Published at Government Technology
[Note: This is a two-part article on strengthening the office of the CIO to improve IT operations. Part 1 examines the six components of a CIO Support Services Framework. Part 2 will explore best practices and implementation.]
Information technology is plagued with what federal CIO Vivek Kundra recently called “magnificent failures.” A recent research survey by theStandish Group identified that more than 80 percent of IT projects were either failing or significantly at risk. Another article described the CIO’s role as a nearly impossible job, trying to manage day-to-day firefighting with limited to no ability to get control and manage strategically.
We are investing massive sums of money, time and effort, only to disappoint customers, miss the mark on requirements and fail to deliver on time, within budget and to specifications.
The CIO Support Services Framework (CSSF) is an approach for changing the dynamic of failed IT projects and putting the CIO and other IT leadership back in the driver’s seat, by ensuring that the structural components for success are identified, elevated and resourced appropriately.
The focus of this article is to identify, describe and link the core elements that make up and support an Office of the CIO for the purpose of demonstrating how that will lead to improved IT operations. When the CIO is properly supported, program and project management can be executed with strategic intent and alignment.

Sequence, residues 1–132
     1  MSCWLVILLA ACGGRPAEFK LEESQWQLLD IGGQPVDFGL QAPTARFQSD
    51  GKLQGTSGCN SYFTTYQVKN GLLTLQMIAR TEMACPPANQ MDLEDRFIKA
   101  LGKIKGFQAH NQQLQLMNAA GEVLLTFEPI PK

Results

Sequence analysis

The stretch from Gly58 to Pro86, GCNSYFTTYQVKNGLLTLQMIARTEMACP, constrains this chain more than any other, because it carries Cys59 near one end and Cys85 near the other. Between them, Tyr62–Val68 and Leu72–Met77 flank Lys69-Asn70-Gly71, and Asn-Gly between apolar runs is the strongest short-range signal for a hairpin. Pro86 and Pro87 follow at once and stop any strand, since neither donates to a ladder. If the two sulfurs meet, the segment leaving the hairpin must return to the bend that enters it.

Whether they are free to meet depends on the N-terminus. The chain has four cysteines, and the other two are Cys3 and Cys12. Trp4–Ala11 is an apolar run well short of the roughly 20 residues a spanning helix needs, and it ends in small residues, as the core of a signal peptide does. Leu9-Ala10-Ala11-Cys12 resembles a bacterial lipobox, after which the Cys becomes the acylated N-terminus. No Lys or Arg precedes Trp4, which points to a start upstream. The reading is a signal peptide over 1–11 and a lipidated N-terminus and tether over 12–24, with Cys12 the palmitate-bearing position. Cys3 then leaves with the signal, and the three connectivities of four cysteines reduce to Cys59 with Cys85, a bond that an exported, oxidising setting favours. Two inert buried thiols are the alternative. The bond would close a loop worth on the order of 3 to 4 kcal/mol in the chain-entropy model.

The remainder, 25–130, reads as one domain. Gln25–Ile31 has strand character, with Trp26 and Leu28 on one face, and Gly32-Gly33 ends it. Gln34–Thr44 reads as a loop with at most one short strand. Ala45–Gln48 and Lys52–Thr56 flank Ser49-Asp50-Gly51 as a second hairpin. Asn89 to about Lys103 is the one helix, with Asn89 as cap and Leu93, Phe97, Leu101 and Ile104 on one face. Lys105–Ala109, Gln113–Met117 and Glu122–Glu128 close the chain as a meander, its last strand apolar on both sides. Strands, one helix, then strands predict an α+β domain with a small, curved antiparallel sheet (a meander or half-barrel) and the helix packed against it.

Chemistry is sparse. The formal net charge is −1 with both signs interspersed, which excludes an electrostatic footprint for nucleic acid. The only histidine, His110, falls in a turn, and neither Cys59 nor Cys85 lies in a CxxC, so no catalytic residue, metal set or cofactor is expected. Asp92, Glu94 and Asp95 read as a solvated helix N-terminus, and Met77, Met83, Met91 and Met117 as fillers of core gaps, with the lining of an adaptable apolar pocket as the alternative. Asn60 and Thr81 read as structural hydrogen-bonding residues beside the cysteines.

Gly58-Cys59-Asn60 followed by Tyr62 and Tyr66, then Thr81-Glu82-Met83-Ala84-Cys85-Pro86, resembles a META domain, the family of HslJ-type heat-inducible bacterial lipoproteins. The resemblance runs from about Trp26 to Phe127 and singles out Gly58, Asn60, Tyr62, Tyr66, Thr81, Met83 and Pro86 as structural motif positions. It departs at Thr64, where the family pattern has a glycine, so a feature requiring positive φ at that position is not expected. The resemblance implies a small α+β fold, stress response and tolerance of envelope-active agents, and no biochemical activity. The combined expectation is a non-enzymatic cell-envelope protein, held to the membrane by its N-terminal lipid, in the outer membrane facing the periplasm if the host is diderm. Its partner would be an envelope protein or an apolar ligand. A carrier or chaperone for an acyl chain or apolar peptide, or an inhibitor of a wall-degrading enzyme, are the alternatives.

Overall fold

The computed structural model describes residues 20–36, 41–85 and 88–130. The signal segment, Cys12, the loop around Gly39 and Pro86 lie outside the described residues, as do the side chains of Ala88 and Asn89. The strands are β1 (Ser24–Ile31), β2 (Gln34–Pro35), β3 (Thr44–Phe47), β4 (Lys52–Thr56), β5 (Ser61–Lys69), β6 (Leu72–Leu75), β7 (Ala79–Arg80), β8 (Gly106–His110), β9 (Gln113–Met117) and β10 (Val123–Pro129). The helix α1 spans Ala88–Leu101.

It is not my aim to discuss the pros and cons of the many solid approaches to IT project and program management today, such as the Federal Enterprise Architecture (FEA), Information Technology Infrastructure Library (ITIL), Control Objectives for Information and related Technology (COBIT), Project Management Body of Knowledge (PMBOK), Federal Information Processing Standards (FIPS) and International Organization for Standardization (ISO) 20000. I will say that while each is comprehensive in its own right, they are skewed by a particular emphasis on a particular function. For instance, FEA looks at architecture planning, ITIL on service support and delivery, PMBOK on project management and so on. What the CIO needs for ultimate success is a way to incorporate elements of all of these perspectives into a bigger picture.
Image copyright by Andy Blumenthal
So what is the CSSF? It is an IT framework aimed at standing up and strengthening an office of the CIO so that it can lead strategically and drive improved IT operations. The idea is that just as business drives (or ought to drive) technology within the greater organization, so too within the function of IT, the CIO and his or her strategy must drive technology operations rather than just fighting fires.